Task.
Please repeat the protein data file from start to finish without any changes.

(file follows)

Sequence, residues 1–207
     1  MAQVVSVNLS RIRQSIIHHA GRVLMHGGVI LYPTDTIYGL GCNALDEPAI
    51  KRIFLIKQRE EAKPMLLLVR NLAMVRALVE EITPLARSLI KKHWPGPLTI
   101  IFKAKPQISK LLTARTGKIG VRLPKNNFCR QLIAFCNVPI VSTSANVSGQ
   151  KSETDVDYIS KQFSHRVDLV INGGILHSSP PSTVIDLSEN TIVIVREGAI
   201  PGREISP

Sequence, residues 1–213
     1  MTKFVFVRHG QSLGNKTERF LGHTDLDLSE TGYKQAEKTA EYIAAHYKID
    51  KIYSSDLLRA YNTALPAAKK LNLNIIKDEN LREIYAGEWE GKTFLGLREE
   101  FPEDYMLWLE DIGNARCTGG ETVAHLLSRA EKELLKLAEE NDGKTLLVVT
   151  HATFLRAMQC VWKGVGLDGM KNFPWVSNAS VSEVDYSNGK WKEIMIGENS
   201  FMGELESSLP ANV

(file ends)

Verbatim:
Sequence, residues 1–207
     1  MAQVVSVNLS RIRQSIIHHA GRVLMHGGVI LYPTDTIYGL GCNALDEPAI
    51  KRIFLIKQRE EAKPMLLLVR NLAMVRALVE EITPLARSLI KKHWPGPLTI
   101  IFKAKPQISK LLTARTGKIG VRLPKNNFCR QLIAFCNVPI VSTSANVSGQ
   151  KSETDVDYIS KQFSHRVDLV INGGILHSSP PSTVIDLSEN TIVIVREGAI
   201  PGREISP

Sequence, residues 1–213
     1  MTKFVFVRHG QSLGNKTERF LGHTDLDLSE TGYKQAEKTA EYIAAHYKID
    51  KIYSSDLLRA YNTALPAAKK LNLNIIKDEN LREIYAGEWE GKTFLGLREE
   101  FPEDYMLWLE DIGNARCTGG ETVAHLLSRA EKELLKLAEE NDGKTLLVVT
   151  HATFLRAMQC VWKGVGLDGM KNFPWVSNAS VSEVDYSNGK WKEIMIGENS
   201  FMGELESSLP ANV